The 26 stories in this drab collection—most of which appeared first in Ellery Queen, Alfred Hitchcock, and other mystery magazines between 1958 and 2000—are so uniform in construction that they might have been stamped out in a machine-shop. Since they represent a culling from over 350, the author is obviously a prolific exponent of the O. Henry school of surprise endings. Character and plausibility are seldom issues in a Wellen short. What matters is the manipulation that sets up the climactic zinger, which invariably dies on the vine from lack of engagement. In "Final Acquittal," for instance, a murderer is tricked into a confession. The trick is old hat, and nothing about the murderer is easy to believe. As a result, the obligatory surprise falls flat. In "Inside Evidence," a detective and a junkyard owner conspire to do in a rapist-murderer. But again the puppeteer's strings are fully visible, the characters nothing more than transparent plot devices. One glance at some valuable stamps is enough to turn a heretofore blameless citizen into a savage—for the sake of the biter-bit finish in "Fair Exchange." And so on down a lusterless list. Only in "From Parts Unknown," the longest story here, does Wellen attempt to stretch the form. His enigmatic, single-minded central character, bent on vengeance, is deeply enough conceived to compel attention. And because that's true, the snapper ending actually has some snap to it.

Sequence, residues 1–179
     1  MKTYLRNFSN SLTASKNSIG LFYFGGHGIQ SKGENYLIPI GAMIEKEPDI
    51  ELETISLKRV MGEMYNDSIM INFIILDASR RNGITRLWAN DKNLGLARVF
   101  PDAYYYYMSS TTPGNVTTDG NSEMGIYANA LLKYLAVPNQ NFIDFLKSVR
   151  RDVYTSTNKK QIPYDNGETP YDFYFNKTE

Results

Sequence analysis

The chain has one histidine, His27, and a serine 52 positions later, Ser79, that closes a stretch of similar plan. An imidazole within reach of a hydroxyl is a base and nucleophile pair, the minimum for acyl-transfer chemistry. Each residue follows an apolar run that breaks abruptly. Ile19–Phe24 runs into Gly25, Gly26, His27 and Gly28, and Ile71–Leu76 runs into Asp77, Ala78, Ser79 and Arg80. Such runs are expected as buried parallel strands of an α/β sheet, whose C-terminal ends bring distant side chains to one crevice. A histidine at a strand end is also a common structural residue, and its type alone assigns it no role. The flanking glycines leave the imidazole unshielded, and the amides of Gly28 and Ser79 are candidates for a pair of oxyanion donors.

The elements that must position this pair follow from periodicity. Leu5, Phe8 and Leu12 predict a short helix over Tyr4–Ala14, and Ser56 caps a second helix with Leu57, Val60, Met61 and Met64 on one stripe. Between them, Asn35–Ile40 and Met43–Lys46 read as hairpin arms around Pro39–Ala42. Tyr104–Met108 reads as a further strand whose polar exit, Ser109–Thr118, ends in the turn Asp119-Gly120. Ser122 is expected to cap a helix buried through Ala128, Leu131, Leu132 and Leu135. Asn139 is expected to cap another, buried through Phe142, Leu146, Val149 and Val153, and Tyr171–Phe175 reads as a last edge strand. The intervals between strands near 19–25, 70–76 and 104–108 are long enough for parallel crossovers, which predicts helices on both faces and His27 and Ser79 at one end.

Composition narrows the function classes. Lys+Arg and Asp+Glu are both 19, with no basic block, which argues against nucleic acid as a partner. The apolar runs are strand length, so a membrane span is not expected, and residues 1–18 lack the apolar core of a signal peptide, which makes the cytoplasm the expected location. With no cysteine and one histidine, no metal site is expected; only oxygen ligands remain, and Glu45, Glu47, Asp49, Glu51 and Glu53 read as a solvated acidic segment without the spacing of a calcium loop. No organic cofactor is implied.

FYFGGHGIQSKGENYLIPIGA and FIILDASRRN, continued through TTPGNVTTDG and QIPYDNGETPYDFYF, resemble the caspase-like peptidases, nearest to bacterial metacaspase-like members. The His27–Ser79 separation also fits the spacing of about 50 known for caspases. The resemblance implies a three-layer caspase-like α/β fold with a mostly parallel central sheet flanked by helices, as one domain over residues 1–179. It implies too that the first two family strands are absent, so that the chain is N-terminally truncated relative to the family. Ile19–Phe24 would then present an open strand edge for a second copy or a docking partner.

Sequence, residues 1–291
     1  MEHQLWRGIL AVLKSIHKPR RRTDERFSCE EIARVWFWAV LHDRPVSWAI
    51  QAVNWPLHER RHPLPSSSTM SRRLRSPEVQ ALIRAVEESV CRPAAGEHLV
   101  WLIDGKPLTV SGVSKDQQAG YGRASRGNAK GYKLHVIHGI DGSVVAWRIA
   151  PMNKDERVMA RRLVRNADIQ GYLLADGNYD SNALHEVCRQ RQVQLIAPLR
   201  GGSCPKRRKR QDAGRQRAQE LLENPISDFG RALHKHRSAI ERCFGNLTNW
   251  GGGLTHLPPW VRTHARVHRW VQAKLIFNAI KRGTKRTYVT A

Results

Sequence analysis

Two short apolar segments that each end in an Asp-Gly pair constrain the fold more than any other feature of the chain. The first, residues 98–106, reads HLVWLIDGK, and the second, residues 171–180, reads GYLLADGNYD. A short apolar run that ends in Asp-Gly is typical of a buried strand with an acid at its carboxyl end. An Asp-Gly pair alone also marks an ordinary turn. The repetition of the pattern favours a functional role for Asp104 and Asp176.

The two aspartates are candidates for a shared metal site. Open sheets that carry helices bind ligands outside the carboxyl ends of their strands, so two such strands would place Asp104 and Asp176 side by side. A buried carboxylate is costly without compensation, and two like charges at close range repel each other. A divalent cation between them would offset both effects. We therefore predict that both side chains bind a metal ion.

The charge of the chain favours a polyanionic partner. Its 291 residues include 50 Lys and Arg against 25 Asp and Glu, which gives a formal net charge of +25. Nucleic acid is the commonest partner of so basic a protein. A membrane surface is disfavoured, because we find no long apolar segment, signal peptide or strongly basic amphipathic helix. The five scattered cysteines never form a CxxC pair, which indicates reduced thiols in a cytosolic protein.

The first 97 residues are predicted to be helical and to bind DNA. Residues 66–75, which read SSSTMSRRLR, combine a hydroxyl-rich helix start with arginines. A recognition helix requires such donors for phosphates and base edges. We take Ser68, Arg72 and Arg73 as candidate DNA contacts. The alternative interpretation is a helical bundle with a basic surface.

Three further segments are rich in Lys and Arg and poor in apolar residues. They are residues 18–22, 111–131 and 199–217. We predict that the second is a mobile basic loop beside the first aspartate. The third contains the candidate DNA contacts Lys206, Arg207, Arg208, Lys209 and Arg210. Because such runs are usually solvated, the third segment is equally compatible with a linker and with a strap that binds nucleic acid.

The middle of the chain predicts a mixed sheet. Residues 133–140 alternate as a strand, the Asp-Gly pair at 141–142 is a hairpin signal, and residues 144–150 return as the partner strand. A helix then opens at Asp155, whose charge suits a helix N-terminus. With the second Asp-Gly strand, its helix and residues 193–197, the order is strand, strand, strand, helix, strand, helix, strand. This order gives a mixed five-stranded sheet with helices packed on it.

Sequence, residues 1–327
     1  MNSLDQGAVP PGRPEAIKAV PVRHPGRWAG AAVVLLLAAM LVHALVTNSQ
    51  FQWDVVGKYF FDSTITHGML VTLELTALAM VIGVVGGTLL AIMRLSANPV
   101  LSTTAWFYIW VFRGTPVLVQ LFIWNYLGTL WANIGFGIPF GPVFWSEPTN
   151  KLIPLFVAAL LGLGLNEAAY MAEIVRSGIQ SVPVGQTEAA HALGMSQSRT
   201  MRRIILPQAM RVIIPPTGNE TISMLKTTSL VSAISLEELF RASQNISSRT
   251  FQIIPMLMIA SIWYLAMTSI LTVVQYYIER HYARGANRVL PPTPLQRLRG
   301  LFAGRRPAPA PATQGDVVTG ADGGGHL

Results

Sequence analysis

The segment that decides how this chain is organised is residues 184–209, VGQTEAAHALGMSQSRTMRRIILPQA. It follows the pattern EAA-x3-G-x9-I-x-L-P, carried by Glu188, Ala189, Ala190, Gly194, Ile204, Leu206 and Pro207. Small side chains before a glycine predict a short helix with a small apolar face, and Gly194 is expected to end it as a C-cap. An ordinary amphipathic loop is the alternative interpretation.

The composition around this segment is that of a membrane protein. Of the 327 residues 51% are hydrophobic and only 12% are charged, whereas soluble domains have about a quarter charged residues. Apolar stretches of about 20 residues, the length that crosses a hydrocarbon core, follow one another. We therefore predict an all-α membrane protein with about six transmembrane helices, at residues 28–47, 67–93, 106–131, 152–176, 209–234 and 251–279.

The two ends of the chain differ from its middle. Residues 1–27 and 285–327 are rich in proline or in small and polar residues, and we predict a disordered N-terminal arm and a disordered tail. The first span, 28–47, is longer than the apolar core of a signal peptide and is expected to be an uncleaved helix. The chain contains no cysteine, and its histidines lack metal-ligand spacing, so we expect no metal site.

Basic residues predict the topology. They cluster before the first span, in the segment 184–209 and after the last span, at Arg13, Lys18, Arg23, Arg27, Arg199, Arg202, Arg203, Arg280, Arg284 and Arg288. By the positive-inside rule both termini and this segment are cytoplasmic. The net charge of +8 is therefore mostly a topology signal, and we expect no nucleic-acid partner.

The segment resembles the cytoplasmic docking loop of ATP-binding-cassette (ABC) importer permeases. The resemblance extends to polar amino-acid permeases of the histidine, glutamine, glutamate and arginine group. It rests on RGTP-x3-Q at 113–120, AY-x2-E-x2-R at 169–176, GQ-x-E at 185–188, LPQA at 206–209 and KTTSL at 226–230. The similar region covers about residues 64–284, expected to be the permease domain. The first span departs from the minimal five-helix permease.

By and large, though, this collection has no spark, no edge, not much reason for being.